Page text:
Court’s $2.9 million penalty against HealthEngine delivers clear guidance to businesses about customer reviews and the use of customer information

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What has happened?

The Australian Competition and Consumer Commission (ACCC) has succeeded in its case against HealthEngine Pty Ltd. HealthEngine hosts an online directory listing 70,000 health practices and practitioners across Australia and facilitates patient bookings.

HealthEngine admitted that it engaged in false, misleading and deceptive conduct by publishing selective patient reviews and ratings and sharing patients’ personal information with private health insurance brokers without appropriate disclosures.

HealthEngine consented to orders requiring it to pay a penalty of $2.9 million. 

Key takeaways

There are two key takeaways from this case.

  1. While online customer reviews can be an effective marketing tool, businesses that selectively remove, suppress or edit reviews or ratings risk breaching the Australian Consumer Law. If businesses choose to collect and publish customer reviews or ratings, then they must be prepared to take the bad with the good. The decision also highlights the ACCC’s ongoing enforcement focus on online reviews, with this case following other recent enforcement proceedings concerning the veracity and independence of online reviews and ratings against Service Seeking, Trivago and Meriton.
  2. Businesses that collect personal information from customers must make appropriate disclosures about how they intend to use that data, particularly if they propose to disclose the information to a third party. A failure to make adequate disclosures risks breaching the Australian Consumer Law. The ACCC is currently focused on a range of consumer data privacy issues.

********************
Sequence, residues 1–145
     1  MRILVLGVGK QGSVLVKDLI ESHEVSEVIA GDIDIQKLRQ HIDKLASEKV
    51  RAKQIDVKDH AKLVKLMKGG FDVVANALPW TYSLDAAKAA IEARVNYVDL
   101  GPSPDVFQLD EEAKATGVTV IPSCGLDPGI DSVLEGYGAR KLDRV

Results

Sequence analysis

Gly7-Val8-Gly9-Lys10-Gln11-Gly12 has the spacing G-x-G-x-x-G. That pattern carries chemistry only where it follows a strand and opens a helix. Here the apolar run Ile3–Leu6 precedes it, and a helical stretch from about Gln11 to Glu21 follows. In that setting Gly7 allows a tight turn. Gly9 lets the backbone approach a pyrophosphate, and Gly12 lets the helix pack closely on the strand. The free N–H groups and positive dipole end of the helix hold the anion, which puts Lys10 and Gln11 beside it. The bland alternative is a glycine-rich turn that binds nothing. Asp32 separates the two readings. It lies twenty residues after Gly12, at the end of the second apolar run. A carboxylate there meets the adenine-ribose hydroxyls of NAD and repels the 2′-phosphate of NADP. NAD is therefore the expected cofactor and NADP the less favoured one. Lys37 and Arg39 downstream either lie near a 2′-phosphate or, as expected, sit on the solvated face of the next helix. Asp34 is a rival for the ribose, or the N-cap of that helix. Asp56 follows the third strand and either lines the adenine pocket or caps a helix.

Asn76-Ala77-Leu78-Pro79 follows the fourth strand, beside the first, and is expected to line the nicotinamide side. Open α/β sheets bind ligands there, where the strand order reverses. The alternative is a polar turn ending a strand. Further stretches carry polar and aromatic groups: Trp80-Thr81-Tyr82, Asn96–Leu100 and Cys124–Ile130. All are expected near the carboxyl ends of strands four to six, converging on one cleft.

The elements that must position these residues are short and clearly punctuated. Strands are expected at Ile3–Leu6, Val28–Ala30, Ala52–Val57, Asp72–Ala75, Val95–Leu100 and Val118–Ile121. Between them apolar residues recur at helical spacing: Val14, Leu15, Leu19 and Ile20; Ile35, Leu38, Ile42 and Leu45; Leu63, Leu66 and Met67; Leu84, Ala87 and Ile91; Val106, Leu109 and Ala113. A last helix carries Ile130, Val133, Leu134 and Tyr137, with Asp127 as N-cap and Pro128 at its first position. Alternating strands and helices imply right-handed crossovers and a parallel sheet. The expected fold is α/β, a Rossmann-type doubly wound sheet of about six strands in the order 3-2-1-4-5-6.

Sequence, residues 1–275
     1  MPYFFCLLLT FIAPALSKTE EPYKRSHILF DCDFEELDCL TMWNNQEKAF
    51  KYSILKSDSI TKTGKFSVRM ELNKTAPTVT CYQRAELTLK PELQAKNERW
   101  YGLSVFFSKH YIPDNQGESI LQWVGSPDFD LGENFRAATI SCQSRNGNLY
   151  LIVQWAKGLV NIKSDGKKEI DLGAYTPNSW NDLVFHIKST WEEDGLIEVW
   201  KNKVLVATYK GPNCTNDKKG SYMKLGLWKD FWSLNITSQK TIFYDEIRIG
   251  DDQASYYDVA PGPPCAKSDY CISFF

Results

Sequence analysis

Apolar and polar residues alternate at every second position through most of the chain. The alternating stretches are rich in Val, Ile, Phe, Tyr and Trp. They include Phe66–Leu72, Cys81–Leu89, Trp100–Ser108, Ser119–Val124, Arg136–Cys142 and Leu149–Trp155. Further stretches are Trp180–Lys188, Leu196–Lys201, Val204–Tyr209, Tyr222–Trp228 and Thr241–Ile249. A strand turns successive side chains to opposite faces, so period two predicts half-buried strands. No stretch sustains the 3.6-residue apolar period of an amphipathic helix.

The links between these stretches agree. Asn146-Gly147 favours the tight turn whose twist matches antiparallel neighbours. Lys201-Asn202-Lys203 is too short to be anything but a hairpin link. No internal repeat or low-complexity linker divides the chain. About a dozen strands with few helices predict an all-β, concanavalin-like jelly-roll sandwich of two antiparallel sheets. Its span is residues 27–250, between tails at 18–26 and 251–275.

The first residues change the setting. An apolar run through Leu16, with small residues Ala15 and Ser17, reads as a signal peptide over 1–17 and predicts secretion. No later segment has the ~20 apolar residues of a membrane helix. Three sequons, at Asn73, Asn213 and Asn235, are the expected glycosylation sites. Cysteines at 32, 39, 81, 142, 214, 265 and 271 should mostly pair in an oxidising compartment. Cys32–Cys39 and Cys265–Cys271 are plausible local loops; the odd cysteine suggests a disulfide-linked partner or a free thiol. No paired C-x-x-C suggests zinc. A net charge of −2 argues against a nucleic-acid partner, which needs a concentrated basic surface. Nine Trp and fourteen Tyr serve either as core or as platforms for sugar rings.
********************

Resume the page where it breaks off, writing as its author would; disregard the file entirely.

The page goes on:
Background

The ACCC began investigating HealthEngine in July 2018 and commenced proceedings in August 2019. The case concerns three types of conduct.

1. Patient Reviews

Until June 2018, HealthEngine published patient reviews about the quality and services of health practices and practitioners listed on its online directory. The reviews were based on responses to surveys which HealthEngine sent to all patients who attended a consultation with a health practice booked through HealthEngine’s online platform.

The ACCC alleged that HealthEngine had engaged in misleading and deceptive conduct by manipulating the patient reviews it published. 

HealthEngine admitted that, between 31 March 2015 and 1 March 2018, it did not publish around 17,000 negative reviews. For example, HealthEngine chose not to publish the following negative reviews:

We were treated badly
Unprofessional